The new normal: life after COVID-19 might be different than life before, and that’s okay

Lauren Patrick

It’s weird, and a bit daunting to think about, but we’re literally making history right now. 

We might not all be the protagonists of the story the coronavirus is writing for us, but we’re certainly supporting characters if nothing else, and what’s going on with us as a population isn’t something that’ll be forgotten quickly by us or by historical records. The details of this pandemic are going to be displayed in the pages of a high school social studies textbook one day. The coronavirus is something that will stick around long after it’s eliminated. It will be studied and learned about and learned from by future generations, and somehow, we’re the ones actually living through it. We might be sitting in yesterday’s pajama pants and sipping whipped coffee as screens fry our corneas, but we’re leaving our frankly impressive mark on the fabric of time all the same, and you have to admit that’s kind of cool.

Because, really, this whole pandemic thing we’ve got going on is uncharted territory. We’ve faced major illnesses before, of course, and those definitely weren’t much fun either (I’ve been told that the Spanish Flu of 1918 was no picnic) but the coronavirus is just something else. COVID-19 and the worldwide reaction it’s triggered really deserves a category all it’s own, considering just how much chaos has launched from the entire ordeal and how many global changes it brought along for the ride. 

Luckily, there’s an end in sight for all of this and it seems to be coming up quicker than most of us were expecting. We’ll be back to normal soon. However, with all the reactions and chaos and changes this pandemic has launched into existence, you’ve got to wonder: what’s that normal going to look like once we reach it?

In all honesty, probably not that different from the one we’re used to. The world just doesn’t change like that. Humans are creatures of habit, and although coronavirus has definitely thrown a pretty good sized wrench in everyone’s routines, people are likely to settle right back into their normal lifestyles as soon as it’s safe to do so. However, I think it’s safe to say we’ve also all learned quite a bit from this experience, and that kind of new knowledge absolutely has the capability to mix things up. 

For example, how much time we spend online. For as fiercely as some old people tend to oppose the virtual revolution, we know now that it’s possible to do most things online. That doesn’t mean the transition from physical to virtual has been easy by any means, because it hasn’t been, but we can do it and now we’ve got this experience as proof. There are so many applications out there designed to keep us all connected, and using them is easier now than it ever was before. Working from home, remote learning, and all kinds of virtual communication from Zoom to texting to emails will likely see an uptick after this is done, because now we know that we can realistically pull such virtual living off and, honestly, all of this at-home stuff is kind of nice. Point for the introverts.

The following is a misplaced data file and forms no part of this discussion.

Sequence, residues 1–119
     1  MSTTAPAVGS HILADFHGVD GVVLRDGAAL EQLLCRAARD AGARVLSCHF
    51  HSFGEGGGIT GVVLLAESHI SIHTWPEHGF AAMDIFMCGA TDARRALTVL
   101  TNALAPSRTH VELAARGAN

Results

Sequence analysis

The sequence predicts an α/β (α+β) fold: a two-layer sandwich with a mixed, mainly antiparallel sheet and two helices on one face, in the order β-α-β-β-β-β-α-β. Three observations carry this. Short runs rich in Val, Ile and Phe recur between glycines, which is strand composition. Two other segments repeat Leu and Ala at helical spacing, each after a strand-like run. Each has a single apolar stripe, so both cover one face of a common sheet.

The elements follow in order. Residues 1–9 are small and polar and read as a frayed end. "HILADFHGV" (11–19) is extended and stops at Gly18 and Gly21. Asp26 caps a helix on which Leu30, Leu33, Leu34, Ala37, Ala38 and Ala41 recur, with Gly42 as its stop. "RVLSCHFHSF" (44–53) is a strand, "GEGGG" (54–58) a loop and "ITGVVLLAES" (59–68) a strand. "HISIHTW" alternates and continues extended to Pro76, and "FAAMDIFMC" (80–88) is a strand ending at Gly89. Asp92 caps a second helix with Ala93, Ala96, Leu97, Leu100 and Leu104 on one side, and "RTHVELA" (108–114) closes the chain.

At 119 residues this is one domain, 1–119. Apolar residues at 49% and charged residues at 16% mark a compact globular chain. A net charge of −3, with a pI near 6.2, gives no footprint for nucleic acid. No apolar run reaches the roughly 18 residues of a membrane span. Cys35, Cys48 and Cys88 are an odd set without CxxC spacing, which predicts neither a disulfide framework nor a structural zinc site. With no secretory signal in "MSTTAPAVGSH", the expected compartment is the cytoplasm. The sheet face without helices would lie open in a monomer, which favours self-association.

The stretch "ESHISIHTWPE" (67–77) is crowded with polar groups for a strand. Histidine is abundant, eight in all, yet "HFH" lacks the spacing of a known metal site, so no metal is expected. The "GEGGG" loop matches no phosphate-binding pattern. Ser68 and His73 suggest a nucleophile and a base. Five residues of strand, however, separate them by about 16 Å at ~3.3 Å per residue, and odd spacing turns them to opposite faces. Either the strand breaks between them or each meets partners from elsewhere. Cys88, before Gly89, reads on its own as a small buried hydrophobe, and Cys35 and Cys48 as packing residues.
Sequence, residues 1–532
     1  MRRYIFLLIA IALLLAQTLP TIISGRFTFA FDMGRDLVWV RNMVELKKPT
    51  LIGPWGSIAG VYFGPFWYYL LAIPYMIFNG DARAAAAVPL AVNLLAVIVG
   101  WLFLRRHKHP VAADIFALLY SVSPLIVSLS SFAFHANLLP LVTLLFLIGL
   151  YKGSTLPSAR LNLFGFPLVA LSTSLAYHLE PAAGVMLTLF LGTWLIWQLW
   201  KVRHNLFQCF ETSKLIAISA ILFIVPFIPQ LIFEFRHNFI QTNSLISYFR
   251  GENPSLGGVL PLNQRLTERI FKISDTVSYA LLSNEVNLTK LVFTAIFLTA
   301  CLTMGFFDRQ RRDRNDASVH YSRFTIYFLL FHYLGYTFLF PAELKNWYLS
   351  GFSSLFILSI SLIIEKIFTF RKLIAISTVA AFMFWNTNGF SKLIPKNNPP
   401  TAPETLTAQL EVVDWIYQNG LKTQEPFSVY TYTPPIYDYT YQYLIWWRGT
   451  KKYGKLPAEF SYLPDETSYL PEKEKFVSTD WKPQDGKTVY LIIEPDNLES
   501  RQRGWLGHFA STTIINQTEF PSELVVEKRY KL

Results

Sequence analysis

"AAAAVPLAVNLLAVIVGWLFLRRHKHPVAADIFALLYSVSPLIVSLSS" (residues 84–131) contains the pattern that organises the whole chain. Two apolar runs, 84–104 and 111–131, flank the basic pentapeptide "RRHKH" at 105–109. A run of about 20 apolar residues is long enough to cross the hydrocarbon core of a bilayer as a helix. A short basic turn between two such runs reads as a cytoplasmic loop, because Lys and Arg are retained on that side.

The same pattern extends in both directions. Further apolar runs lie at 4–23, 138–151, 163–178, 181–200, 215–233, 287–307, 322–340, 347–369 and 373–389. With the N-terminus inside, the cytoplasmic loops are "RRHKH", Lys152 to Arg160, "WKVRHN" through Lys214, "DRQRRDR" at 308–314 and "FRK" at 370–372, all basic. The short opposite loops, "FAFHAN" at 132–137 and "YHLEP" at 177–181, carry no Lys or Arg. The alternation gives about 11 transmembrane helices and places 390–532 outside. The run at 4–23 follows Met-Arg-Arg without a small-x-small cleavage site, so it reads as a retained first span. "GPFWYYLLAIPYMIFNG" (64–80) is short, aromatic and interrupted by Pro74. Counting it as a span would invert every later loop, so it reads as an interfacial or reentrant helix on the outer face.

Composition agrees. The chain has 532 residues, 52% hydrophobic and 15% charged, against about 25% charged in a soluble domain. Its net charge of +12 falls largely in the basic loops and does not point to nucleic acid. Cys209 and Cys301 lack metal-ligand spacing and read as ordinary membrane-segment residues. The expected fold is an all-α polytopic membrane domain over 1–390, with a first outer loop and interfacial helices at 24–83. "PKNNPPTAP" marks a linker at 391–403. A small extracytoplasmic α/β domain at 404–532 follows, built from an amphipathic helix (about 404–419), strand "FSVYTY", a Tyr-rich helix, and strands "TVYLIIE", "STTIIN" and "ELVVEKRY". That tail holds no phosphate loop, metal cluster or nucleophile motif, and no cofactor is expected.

The habits that have been burned into our brains in order keep ourselves safe also probably aren’t going anywhere soon. Frequent hand washing and disinfecting surfaces, physical distance from those around you, hesitance with shaking hands, wearing a face mask in public… all of these things are likely to stay commonplace in the aftermath, at least for a while, and that’s not necessarily a bad thing. None of these habits are harmful, and it’s better to be safe than sorry when dealing with things like this. And if they happen to make people feel just a little bit safer too, even if the danger has mostly passed, then that’s just another plus.

Not to mention the shift in general perspective towards health care workers. The recent, amazing increase of respect and kindness towards those guys has been incredible, and for good reason considering the fact that they’re awesome. While they were commonly overlooked and taken for granted before, they’re now looked upon as the heroes they are, risking everything to keep others safe.That’s a point of view that isn’t likely to fade anytime soon and one that will almost definitely follow us into the aftermath which, again, definitely not a bad thing in any respect.

There are other things too, smaller things, that are likely to stick with us once the coronavirus is in the rear view mirror. The constant reassurance that there are enough supplies on hand to last at least the week. The spike of fear that comes when some snotty kid coughs next to you in the Walmart bread aisle. Keeping masks near, double checking the list of coronavirus symptoms when you’re feeling under the weather just to make sure you’re still okay, the sudden, crushing appreciation for a forgotten roll of toilet paper tucked into the back of the linen closet, all of that’s probably going to stick around for a while too, as unfortunate as it is. It’s only natural. History’s chronicled it and we still see the aftermath of some of those older, but no less awful, events even today, from dollar bills tucked neatly into empty toilet paper tubes by those who lived through the Great Depression, to an aversion to planes by those affected by 9/11, to the fact that we’re not allowed to have backpacks in class anymore. But we’ve learned a lot from each of these experiences all the same, and that’s what’s important. 

This world is not one that changes easily, but it does shift, and each crappy thing we’ve been through as a population has left us smarter and more prepared for the next one. The coronavirus was scary for a lot of people because it proved that scary things can happen. There’s no avoiding that. But as long as we learn from it, as long as we come out stronger than we went in, we can handle it. 

We’re going to be just fine, folks.